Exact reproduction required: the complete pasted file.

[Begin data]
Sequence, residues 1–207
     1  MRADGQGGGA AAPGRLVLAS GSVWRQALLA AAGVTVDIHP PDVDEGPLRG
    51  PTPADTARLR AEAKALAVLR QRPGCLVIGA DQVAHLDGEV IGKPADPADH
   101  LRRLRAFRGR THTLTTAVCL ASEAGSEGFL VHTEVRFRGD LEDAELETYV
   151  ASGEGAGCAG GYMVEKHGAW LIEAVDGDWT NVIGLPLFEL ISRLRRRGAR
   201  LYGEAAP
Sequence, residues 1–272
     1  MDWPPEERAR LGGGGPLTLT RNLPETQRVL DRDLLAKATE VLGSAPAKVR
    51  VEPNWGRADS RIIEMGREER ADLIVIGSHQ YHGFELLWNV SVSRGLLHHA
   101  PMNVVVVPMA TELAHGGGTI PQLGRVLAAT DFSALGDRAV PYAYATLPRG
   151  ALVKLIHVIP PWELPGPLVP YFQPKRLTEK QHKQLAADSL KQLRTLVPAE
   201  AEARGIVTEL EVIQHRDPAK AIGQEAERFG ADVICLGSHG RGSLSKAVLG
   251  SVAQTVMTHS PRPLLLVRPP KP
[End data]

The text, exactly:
Sequence, residues 1–207
     1  MRADGQGGGA AAPGRLVLAS GSVWRQALLA AAGVTVDIHP PDVDEGPLRG
    51  PTPADTARLR AEAKALAVLR QRPGCLVIGA DQVAHLDGEV IGKPADPADH
   101  LRRLRAFRGR THTLTTAVCL ASEAGSEGFL VHTEVRFRGD LEDAELETYV
   151  ASGEGAGCAG GYMVEKHGAW LIEAVDGDWT NVIGLPLFEL ISRLRRRGAR
   201  LYGEAAP
Sequence, residues 1–272
     1  MDWPPEERAR LGGGGPLTLT RNLPETQRVL DRDLLAKATE VLGSAPAKVR
    51  VEPNWGRADS RIIEMGREER ADLIVIGSHQ YHGFELLWNV SVSRGLLHHA
   101  PMNVVVVPMA TELAHGGGTI PQLGRVLAAT DFSALGDRAV PYAYATLPRG
   151  ALVKLIHVIP PWELPGPLVP YFQPKRLTEK QHKQLAADSL KQLRTLVPAE
   201  AEARGIVTEL EVIQHRDPAK AIGQEAERFG ADVICLGSHG RGSLSKAVLG
   251  SVAQTVMTHS PRPLLLVRPP KP